USA Gymnastics announced Friday that Rhonda Faehn, senior vice president of the women's program, is no longer with the organization.
In a statement provided to CNN's Jill Martin, USA Gymnastics president and CEO Kerry Perry said the following regarding Faehn's departure:
"Rhonda Faehn is no longer with USA Gymnastics. This is a personnel matter that we will not discuss in detail.
"We recognize that change can be difficult, but we will not be deterred from making necessary and bold decisions to transform our organization. At USA Gymnastics, we are focused every day on creating a highly empowered culture that puts our athletes first.
"Over the next few weeks, we will be communicating some positive changes that reinforce our desire to have our athletes train and compete at the highest level in an empowering and safe environment.
"USA Gymnastics is moving forward and positioning for the future with the commitment to our athletes' safety and well-being at the heart of everything we do. We encourage member clubs, coaches, administrators and the gymnastics entire community to align their efforts to this important task. Together, we will create a culture of empowerment for the young men and women who are pursuing their gymnastics dreams today while honoring those who have gone before them."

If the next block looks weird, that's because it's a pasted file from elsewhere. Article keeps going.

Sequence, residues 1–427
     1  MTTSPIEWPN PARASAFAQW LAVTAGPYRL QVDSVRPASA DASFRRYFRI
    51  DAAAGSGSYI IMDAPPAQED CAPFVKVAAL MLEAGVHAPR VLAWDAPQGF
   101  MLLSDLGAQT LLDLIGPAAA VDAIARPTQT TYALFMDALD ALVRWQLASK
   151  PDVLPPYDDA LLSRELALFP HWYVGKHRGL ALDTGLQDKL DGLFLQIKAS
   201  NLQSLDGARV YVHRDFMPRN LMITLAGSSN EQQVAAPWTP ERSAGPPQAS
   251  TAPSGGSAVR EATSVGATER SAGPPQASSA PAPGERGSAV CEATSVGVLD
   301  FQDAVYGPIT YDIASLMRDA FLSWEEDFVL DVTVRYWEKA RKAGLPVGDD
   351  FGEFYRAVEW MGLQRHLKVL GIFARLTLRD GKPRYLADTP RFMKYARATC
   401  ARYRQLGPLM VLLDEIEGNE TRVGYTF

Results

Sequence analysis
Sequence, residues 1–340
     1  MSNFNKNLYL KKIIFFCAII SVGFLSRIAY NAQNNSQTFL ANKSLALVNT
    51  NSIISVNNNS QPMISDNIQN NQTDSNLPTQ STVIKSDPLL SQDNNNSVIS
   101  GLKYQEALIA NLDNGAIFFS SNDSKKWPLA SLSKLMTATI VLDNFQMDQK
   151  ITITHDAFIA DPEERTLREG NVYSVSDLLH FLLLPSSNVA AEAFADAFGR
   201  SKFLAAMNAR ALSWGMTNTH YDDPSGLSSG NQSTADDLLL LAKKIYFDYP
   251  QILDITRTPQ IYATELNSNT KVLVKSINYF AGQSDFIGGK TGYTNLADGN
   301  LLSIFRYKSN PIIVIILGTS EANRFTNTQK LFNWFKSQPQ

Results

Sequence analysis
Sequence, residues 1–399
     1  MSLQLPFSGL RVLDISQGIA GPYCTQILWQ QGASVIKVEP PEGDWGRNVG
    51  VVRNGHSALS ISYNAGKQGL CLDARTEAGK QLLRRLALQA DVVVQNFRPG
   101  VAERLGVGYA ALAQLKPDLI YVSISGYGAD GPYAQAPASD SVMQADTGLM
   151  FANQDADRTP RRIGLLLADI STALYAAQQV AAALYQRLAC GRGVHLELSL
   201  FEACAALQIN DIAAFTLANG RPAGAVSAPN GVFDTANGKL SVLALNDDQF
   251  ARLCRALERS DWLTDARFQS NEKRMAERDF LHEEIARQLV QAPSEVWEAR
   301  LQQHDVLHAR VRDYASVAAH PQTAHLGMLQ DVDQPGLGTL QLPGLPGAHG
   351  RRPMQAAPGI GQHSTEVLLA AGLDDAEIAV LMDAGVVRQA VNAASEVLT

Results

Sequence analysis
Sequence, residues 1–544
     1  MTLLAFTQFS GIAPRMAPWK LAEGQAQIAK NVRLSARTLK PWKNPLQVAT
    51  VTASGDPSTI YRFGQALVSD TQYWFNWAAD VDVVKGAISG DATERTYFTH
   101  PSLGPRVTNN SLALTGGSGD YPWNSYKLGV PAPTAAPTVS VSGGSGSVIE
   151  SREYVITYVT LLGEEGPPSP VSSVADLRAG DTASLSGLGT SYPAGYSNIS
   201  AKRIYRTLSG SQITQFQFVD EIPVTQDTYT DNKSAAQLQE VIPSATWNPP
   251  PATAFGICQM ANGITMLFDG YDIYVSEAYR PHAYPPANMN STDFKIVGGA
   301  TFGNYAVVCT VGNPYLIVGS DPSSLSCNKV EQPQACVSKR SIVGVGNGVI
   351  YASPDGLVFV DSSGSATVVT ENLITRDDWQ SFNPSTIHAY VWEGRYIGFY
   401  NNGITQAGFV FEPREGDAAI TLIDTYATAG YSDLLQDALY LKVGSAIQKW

The announcement came three months after former USA Gymnastics team physician Larry Nassar's final sentencing on sexual abuse charges related to his time with USA Gymnastics and at Michigan State University.
Nassar was initially sentenced to 60 years in prison on child pornography charges. He later received sentences of 40 to 175 years and 40 to 125 years in prison due to sexual abuse against girls and young women.
Aly Raisman, Simone Biles, McKayla Maroney, Gabby Douglas and Jordyn Wieber were among the high-profile gymnasts who said they were victims of Nassar's abuse as minors.
Faehn joined USA Gymnastics in 2015 after a successful coaching career at the University of Florida.
Scott M. Reid of the Orange County Register reported Thursday that Perry had asked Faehn to resign from her post. Per Reid, Faehn is believed to be the first person who became aware of the allegations against Nassar, in June 2015.
Nassar's abuse did not become public until 16 months later.